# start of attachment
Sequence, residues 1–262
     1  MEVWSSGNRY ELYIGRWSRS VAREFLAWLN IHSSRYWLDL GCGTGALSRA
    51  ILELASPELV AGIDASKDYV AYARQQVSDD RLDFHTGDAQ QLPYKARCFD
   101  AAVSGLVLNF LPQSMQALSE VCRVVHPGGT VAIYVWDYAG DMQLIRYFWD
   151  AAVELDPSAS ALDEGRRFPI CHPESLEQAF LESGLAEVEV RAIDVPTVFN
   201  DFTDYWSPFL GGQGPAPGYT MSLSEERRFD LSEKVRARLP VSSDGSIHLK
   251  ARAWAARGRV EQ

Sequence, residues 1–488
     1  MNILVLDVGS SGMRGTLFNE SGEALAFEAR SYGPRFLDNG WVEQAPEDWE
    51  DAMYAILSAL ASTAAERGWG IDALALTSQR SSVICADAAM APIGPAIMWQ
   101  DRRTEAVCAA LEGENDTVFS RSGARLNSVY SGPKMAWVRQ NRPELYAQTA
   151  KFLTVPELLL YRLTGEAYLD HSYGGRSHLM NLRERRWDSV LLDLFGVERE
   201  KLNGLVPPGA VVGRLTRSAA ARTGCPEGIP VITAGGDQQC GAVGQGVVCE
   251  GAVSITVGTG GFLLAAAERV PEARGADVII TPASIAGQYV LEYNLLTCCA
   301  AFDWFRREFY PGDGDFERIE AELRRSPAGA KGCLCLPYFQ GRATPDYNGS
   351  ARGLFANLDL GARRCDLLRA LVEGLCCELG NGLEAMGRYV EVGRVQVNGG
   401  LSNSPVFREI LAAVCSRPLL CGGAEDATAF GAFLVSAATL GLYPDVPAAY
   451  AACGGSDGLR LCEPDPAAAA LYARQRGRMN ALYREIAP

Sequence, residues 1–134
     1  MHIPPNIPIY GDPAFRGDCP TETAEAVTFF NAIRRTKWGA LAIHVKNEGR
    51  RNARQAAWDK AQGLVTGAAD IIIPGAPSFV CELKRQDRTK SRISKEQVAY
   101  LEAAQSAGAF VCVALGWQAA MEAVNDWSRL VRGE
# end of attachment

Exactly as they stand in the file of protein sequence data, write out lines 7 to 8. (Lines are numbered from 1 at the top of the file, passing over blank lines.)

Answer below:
   251  ARAWAARGRV EQ

Sequence, residues 1–488